Daughtry Foundation Inc.

221 College Street, Jackson, Georgia 30233

(770) 775-7360

E-mail  Daughtry Foundation


Hampton Daughtry

Hampton Daughtry was born in 1900 in Jackson, Georgia.  As a boy, he roamed the woods that would later be donated to form Dauset Trails.  Hampton was greatly influenced by his minister, Dr. Robert Van Deventer, of Jackson, who formed the second Boy Scout Troop in the state of Georgia, one of the pioneering Boy Scout troops in the United States.  Hampton joined the Boy Scouts in 1912.

After graduating from Georgia Tech, he made his fortune in the textile business, traveled the world, and in 1943, started a Foundation in Jackson to operate all of the city and county youth recreational programs.  To honor his minister, he named it the Van Deventer Foundation.

Throughout the years, Mr. Daughtry actively supported the Boy Scouts in projects and services.  In 1977, the title Van Deventer was changed to Daughtry so that Hampton Daughtry's name and generosity for the community would carry on into the future.  This was the year Dauset Trails would materialize.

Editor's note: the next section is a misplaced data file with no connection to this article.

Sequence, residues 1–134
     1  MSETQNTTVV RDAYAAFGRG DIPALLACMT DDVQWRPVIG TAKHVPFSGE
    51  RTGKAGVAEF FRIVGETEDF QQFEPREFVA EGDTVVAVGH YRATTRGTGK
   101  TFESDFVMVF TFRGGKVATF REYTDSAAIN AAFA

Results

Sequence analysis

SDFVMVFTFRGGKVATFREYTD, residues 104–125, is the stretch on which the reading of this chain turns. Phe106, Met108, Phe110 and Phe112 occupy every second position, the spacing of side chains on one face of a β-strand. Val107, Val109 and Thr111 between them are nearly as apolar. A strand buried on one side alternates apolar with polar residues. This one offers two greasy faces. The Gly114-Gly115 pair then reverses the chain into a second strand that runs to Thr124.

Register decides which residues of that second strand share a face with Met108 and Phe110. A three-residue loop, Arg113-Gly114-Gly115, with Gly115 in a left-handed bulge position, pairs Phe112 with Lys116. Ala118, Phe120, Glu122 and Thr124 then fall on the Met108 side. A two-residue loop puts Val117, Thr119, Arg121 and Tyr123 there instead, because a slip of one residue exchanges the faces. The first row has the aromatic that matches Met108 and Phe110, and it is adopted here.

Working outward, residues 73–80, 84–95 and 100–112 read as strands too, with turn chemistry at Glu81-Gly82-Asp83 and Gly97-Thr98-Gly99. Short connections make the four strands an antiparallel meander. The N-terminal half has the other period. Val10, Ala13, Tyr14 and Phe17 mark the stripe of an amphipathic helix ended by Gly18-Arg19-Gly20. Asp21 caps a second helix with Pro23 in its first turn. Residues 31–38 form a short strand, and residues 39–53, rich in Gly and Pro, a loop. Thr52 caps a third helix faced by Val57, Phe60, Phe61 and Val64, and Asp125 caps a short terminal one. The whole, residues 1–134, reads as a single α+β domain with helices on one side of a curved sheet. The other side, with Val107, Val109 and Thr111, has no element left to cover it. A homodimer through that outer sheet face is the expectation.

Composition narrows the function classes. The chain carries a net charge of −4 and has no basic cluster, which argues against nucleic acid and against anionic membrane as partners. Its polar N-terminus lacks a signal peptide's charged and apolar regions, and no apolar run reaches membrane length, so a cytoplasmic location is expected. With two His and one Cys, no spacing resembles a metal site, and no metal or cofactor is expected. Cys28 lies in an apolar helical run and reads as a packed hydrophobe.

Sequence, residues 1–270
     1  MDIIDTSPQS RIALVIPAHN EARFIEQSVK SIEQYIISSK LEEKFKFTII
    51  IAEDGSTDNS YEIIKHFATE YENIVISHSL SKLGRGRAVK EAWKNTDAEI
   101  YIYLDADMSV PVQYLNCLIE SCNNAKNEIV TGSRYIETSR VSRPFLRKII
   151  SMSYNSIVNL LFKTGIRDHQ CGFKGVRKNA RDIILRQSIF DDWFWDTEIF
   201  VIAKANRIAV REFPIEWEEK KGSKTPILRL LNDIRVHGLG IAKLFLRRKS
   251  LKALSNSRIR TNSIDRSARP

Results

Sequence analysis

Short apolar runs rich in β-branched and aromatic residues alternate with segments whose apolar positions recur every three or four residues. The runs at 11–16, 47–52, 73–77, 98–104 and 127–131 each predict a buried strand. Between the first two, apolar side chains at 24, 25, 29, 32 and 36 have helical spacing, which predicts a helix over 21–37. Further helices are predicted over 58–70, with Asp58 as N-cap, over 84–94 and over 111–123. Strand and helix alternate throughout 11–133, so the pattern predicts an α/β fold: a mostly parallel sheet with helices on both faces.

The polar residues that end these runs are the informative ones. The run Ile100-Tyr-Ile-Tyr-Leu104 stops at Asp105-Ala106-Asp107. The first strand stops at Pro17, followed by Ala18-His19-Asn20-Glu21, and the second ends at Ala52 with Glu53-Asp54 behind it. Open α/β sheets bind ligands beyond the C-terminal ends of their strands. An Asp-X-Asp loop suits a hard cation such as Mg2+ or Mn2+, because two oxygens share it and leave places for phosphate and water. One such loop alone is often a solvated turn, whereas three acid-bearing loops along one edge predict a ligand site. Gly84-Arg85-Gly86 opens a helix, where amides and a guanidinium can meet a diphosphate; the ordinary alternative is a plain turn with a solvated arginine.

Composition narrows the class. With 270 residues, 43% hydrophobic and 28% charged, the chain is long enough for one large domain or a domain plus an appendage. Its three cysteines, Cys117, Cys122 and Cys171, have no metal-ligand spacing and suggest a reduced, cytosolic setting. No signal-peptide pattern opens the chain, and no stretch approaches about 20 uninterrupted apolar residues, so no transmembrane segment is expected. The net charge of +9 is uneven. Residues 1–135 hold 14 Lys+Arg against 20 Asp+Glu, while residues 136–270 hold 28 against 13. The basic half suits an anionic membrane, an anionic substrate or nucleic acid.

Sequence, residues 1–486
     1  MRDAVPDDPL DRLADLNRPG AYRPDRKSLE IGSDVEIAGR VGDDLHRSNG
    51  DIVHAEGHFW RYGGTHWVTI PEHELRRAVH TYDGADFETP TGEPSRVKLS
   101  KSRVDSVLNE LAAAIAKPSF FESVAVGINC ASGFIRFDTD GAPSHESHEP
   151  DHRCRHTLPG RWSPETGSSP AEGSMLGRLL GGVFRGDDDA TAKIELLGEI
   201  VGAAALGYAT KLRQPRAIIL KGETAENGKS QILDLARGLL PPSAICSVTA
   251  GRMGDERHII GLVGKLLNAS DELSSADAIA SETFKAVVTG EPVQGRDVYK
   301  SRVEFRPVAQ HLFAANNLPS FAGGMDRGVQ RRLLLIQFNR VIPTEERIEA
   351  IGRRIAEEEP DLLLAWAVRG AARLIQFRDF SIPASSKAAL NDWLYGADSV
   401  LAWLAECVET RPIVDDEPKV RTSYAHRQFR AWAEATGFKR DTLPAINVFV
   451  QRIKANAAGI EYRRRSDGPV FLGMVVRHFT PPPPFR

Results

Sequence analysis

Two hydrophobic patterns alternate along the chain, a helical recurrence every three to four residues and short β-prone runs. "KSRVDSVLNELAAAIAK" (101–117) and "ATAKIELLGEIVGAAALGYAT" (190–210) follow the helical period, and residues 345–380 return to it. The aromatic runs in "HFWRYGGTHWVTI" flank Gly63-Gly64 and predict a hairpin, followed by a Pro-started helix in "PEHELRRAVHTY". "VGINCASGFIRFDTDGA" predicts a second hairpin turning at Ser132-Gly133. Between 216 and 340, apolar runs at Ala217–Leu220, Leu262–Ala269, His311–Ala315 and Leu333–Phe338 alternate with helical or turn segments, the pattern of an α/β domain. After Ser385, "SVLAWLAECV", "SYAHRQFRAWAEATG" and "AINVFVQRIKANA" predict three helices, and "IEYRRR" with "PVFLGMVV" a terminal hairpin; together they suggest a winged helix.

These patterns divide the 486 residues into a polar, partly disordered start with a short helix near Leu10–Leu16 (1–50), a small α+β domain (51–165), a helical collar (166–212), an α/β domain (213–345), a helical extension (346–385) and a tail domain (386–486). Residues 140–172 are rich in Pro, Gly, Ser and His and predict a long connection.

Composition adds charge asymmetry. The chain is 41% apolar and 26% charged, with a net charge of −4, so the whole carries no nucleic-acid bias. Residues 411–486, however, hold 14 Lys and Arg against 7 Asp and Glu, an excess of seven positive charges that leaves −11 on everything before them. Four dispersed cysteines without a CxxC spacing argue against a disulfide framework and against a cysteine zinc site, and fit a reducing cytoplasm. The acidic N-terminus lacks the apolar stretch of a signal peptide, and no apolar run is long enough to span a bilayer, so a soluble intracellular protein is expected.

Hampton Daughtry and his longtime friend, David Settle, always had a dream of creating a preserved area for future generations to enjoy nature and wildlife.  They had already established a recreation center for youth-league sport activities in Jackson, but there wasn't a place where people could get out and experience nature without interference from civilization.

In 1977, a large tract of land belonging to Mr. Daughtry was deeded to the Daughtry Foundation to establish Dauset Trails.  It would never be developed or commercialized.  Years later, David Settle passed away, and his wife donated additional acreage for Dauset Trails.  Along with purchases from Georgia Pacific and neighboring citizens, the total area rose to about 1100 acres.

Over the years, from a few hiking trails, a couple of animal pens and a visitor's center, Mr. Daughtry watched Dauset Trails grow into an environmental education center with wildlife exhibits, programs, picnicking, camping, and more.

In 1991, Hampton Daughtry passed away and wanted to be buried at Dauset Trails.  His grave site is the focal point of the beautifully landscaped Memorial Garden located near the visitor's cabin.

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